All of the most creative ideas and approaches I have had came from being in places where I felt supported. I’m far from alone. People are more creative when they feel a sense of belonging. Why, then, have we been so slow to work towards creating inclusion and belonging in science and engineering?
My best students and colleagues were rarely the ones who made perfect scores and grades. They are often the ones who find a space where they feel like they fit and are welcomed. I think about the times I have navigated challenging environments in science, and in those times, I feel like I’ll never have another good idea. But, when those environments change, the ideas come flooding back. It is incredibly difficult to be creative when one worries is one’s colleagues will harass one, one’s students, or seek to make life difficult. One focuses more on survival than on what might be possible.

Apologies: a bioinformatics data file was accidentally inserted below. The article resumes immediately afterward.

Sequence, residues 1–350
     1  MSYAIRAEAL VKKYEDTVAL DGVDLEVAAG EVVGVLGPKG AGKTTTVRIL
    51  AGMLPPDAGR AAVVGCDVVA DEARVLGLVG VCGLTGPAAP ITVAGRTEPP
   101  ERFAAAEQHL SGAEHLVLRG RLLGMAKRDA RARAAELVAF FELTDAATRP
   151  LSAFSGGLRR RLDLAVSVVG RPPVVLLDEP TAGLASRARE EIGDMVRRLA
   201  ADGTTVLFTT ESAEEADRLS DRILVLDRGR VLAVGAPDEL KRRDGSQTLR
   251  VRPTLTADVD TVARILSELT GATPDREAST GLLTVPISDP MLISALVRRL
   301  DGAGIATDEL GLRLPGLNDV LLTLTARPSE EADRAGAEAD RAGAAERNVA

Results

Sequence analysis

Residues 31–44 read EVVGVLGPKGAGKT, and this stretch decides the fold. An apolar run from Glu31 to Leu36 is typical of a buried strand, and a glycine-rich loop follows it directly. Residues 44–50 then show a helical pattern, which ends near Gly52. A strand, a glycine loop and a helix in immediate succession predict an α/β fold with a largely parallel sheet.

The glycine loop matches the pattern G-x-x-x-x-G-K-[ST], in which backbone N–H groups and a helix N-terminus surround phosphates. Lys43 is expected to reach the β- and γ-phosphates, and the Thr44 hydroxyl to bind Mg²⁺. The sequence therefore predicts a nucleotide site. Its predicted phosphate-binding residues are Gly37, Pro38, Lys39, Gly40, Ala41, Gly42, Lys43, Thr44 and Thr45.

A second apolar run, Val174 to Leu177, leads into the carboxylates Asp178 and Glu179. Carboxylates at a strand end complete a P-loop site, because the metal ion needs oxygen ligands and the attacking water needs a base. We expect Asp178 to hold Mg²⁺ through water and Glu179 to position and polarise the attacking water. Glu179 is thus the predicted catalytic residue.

If we value science and engineering and innovation, we owe it to ourselves and our colleagues to dismantle the systems that make harassment and prejudice not only so easy in academia but so common. We owe it to ourselves and to our colleagues who have to work twice as hard to even be considered acceptable when, if we didn’t constantly judge and downgrade their performance, they would have the space to be transformational. We owe it to our fields and to the possibilities they hold. It is the right thing to do and it is the smart thing to do. Creating spaces that allow people to thrive creates better science and more possibilities.